A new paper at The De Morgan Gazette:
A. Borovik, Mathematics for teachers of mathematics, The De Morgan Gazette 10 no. 2 (2018), 11-25. bit.ly/2NWECtn
The paper contains a sketch of a BSc Hons degree programme Mathematics (for
Mathematics Education). It can be seen as a comment on Gardiner (2018) where
he suggests that the current dire state of mathematics education in England cannot
be improved without an improved structure for the preparation and training of
Effective preparation and training requires a limited number of national institutional units, linked as part of a national effort, and subject to central guidance. For recruitment and provision to be efficient and effective, each unit should deal with a significant number of students in each area of specialism (say 20–100). In most systems the initial period of preparation tends to be either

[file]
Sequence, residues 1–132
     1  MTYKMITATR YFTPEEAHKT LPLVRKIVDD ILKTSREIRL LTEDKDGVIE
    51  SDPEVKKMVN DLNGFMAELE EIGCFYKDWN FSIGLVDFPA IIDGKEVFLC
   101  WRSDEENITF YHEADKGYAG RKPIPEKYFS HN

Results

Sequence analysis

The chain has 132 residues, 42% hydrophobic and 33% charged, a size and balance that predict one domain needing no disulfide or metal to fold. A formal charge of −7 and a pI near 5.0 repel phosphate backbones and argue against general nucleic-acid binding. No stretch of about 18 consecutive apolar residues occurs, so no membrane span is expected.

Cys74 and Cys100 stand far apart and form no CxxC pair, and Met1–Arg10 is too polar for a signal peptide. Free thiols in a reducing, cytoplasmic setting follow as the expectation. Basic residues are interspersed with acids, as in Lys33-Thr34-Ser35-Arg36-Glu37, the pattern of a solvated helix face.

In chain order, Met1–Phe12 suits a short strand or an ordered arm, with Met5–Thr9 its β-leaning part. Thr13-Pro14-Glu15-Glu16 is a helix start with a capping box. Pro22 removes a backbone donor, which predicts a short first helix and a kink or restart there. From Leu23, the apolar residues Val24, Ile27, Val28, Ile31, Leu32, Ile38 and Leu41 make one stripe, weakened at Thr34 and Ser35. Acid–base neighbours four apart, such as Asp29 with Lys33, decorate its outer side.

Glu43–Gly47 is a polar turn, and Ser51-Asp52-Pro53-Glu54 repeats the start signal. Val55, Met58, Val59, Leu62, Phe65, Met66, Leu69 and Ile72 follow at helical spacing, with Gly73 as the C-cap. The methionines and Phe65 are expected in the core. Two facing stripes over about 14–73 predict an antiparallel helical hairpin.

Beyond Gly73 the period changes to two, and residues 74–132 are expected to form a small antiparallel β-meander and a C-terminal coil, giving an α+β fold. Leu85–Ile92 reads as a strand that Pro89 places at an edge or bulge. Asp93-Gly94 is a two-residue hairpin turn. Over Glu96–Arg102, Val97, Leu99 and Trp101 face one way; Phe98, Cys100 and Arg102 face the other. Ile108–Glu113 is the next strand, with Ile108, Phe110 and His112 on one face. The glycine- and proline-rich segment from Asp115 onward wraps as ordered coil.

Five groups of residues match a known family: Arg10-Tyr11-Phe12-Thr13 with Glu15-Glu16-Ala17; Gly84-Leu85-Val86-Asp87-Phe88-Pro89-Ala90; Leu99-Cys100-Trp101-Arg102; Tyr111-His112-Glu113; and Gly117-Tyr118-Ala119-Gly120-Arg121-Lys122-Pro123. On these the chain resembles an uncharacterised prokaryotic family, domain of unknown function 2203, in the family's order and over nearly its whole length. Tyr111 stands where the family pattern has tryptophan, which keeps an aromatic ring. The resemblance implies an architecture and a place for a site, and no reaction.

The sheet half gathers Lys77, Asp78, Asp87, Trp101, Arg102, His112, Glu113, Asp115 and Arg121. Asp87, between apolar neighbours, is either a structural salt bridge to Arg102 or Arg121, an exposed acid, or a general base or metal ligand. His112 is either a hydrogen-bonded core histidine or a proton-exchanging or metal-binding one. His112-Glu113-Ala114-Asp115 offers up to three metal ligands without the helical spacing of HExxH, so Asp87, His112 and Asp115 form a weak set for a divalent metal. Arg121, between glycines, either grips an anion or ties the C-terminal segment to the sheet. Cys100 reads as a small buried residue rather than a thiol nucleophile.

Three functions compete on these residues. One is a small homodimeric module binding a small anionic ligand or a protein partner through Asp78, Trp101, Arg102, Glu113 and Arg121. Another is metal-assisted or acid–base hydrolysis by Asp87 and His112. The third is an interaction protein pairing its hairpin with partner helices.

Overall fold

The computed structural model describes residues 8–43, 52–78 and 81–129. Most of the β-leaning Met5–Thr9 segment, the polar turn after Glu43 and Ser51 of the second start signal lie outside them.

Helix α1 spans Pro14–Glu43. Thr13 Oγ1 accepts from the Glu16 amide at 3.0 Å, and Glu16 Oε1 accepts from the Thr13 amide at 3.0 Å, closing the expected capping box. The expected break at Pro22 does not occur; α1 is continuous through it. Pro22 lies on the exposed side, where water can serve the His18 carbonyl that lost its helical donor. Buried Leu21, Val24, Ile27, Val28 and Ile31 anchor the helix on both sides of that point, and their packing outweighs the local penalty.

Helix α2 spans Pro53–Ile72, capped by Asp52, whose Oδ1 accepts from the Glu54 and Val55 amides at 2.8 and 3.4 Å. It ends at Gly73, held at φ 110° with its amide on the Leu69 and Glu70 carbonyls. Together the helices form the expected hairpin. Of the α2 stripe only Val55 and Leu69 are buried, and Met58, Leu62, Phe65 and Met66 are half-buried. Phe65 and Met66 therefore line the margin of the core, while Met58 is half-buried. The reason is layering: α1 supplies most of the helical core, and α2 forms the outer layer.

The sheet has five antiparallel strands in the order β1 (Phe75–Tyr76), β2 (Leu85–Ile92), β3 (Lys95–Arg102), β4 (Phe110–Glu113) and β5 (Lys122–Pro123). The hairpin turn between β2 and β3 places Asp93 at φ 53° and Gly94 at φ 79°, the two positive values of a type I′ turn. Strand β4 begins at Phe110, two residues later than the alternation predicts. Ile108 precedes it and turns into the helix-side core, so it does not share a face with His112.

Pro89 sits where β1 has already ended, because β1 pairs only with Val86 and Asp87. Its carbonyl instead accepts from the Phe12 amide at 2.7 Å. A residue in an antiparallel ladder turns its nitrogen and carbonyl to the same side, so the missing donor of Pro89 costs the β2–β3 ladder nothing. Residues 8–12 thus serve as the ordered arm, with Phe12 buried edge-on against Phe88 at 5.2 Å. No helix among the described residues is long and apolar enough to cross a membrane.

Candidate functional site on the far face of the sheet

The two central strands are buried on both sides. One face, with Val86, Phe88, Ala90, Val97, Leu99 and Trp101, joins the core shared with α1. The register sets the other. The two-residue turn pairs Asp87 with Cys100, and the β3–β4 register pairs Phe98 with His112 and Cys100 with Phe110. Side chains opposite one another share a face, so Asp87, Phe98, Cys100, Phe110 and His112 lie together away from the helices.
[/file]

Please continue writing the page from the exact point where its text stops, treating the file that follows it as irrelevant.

- a “degree programme” of 4–5 years (e.g. for primary teachers), with substantial subject-specific elements, or
- an initial specialist, subject-based degree (of 3+ years), followed by (usually 2 years) of pedagogical and didactical training, with some school experience.
This paper suggests possible content, and didactic principles, of
a new kind of “initial specialist, subject-based degree” designed for intending teachers.
This text is only a proof of concept; most details are omitted; those that are given
demonstrate, I hope, that a new degree would provide a fresh and vibrant approach
to education of future teachers of mathematics.
A new paper at The De Morgan Gazette:
A. D. Gardiner, Towards an effective national structure for teacher preparation and support in mathematics, The De Morgan Gazette 10 no. 1 (2018), 1-10. bit.ly/2N9NU7W
The fragmented, learn-on-the-job English model for ITE is not working.
About this there is little dispute. We analyse why such a system cannot